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Mental Health


I came across an article in the ‘Tablet’, an English Catholic weekly, about mental health in view of the Coronavirus Pandemic. However, a lot of what is in the article is relevant to many aspects of mental health in general.

Paul Farmer, a committed Catholic, is the Chief Executive of the mental health charity ‘Mind’. His own wife died leaving him a widower with two children. He speaks about how bereavement was made bearable for him because of the support that he had from the protective arm of the love of family, the consolation of friends, and the solidarity of his Church community.

So many were deprived of the full benefit of a lot of this support because of isolation recently.

Even for those who have not experienced bereavement, the lockdown and other effects of the virus have taken their toll. We have all been affected in some way at least. There can be very significant psychological impact for many, if not for all.

Paul gives some tips for mental health.

  • Sleep well.

  • Eat well.

  • Exercise well.

  • Meditate and pray well.

  • Identify someone you trust who you can talk to – really talk to.

  • Improve your listening skills.

  • Avoid social media and too much news.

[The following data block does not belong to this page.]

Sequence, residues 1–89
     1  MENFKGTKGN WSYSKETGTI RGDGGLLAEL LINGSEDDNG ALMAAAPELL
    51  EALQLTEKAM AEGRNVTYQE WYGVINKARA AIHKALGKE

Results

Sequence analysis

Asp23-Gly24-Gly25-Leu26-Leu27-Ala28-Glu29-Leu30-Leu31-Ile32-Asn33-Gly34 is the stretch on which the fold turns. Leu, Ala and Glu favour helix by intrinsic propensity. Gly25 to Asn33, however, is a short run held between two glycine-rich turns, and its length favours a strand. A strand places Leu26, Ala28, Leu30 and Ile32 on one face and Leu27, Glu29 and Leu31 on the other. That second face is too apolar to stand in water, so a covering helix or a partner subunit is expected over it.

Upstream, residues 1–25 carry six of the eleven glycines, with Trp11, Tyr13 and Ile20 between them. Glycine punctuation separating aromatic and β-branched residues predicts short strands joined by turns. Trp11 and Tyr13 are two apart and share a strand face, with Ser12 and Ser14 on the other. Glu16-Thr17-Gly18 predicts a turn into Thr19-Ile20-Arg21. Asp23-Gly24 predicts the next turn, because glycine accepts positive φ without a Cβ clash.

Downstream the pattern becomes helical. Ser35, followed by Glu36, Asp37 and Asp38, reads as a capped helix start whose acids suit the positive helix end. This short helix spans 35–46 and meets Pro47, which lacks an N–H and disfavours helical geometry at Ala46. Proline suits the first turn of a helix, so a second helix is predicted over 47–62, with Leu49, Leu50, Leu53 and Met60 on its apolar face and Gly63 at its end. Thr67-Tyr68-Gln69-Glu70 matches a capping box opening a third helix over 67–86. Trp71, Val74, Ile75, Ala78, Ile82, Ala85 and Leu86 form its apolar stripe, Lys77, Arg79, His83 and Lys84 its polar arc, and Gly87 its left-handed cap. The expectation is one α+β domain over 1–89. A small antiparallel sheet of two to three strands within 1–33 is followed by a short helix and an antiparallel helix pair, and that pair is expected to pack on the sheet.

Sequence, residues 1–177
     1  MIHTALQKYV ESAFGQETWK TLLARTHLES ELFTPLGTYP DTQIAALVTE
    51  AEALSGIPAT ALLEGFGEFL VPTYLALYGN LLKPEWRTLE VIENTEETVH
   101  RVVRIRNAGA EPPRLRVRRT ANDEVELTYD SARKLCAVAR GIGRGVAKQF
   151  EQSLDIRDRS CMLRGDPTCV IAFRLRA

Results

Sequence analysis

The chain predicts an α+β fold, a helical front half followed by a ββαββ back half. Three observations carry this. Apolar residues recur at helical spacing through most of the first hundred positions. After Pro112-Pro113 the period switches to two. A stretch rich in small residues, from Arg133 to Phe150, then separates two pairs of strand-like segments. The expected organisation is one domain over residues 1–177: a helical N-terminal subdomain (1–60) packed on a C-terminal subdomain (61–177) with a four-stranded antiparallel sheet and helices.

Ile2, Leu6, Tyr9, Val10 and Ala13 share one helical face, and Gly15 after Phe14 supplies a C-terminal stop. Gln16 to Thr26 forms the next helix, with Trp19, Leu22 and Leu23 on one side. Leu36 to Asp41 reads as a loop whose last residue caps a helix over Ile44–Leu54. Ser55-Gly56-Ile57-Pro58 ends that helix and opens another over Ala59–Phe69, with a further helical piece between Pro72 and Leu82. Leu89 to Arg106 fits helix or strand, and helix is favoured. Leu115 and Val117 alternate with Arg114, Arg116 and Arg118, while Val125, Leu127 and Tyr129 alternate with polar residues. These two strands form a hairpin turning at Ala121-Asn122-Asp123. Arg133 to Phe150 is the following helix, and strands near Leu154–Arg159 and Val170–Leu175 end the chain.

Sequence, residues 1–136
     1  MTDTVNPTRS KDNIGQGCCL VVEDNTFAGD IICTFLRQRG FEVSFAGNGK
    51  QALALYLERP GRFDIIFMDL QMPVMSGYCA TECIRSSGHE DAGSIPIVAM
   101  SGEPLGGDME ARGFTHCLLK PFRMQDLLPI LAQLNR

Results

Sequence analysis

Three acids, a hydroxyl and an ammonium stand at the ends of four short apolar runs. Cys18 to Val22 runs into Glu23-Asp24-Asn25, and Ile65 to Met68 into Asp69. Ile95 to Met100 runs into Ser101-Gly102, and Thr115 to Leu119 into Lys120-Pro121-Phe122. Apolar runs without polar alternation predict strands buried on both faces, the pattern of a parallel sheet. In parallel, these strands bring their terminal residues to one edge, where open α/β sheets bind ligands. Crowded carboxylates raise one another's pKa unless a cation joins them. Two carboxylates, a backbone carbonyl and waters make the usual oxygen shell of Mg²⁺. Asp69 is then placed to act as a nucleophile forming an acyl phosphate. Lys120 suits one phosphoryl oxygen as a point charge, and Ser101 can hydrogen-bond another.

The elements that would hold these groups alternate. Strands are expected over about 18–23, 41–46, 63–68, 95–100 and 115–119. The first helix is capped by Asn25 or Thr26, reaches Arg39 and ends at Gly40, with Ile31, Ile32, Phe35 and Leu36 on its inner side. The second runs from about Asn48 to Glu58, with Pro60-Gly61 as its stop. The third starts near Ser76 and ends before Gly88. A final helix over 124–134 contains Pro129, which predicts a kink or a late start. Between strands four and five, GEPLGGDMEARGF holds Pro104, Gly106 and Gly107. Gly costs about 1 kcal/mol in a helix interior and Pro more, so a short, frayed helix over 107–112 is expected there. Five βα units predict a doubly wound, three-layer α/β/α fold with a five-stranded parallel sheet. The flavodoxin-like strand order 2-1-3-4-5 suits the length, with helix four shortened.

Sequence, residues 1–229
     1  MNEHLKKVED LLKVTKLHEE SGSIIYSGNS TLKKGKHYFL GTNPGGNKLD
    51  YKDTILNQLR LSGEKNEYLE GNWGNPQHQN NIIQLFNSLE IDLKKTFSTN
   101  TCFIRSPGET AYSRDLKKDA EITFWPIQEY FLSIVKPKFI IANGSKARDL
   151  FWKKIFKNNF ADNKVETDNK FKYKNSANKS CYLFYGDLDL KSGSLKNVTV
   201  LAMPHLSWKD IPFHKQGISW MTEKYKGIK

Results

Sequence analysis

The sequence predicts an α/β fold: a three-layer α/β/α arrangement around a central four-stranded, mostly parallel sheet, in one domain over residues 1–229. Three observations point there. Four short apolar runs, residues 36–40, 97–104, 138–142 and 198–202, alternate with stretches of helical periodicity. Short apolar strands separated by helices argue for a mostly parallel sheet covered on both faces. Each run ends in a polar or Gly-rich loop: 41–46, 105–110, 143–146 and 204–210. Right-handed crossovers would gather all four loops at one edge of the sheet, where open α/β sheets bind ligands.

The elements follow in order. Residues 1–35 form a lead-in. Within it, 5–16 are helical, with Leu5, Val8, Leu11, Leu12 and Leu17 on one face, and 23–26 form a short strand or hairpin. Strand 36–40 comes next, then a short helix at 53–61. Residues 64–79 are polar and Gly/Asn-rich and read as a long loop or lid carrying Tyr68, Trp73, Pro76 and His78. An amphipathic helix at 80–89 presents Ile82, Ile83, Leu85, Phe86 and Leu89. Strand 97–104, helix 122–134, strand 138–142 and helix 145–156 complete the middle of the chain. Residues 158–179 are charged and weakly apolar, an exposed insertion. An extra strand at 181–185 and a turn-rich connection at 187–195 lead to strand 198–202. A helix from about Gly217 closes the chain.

• Take up or revive a pastime or hobby.

There is no doubt that a holistic attitude to life is very important for wellbeing.

In Jesus, God became flesh. To be Christian is about being fully human as God intended us to be.

The tips that Paul gives are about a holistic approach to life.

Mental health, physical health, as well as spiritual health, are ‘works in progress’. We are always getting there.

We are not meant to be solitary people just on our own.

I was recently reading from St. Cyprian’s treatise on the ‘Our Father’, the Lord’s prayer, in the Office of readings. It struck me when he says that Jesus taught us to pray ‘OUR’ Father, give ‘US’, forgive ‘US’, ‘WE’ forgive them, lead ‘US’, deliver ‘US’.

It is ‘US’ not me!

We need to look after each other and each other’s wellbeing.

We are Church family needing constantly to be supporting each other.

In our own family, among our friends, in the Church family and beyond, our Christian calling calls us to be there for each other:

  • Sometimes a respectful smile or some other respectful gesture can go a long way.

  • Sometimes just listening to someone, or just checking out on them………….

  • Not giving up on someone even when we do not know what to do.

Paul’s check list can be helpful for all of us. It is a good reminder. Prayer and meditation keep pointing us in the right direction and ‘grounding us’.

It is also good to remember that since we are not ‘just spirit’, but a whole human person, the other points on the list are also important.

You may want to check ‘Mind’ out for yourself. For further information on Mind’s work go to:

www.mind.org.uk | Mind – Information and Support


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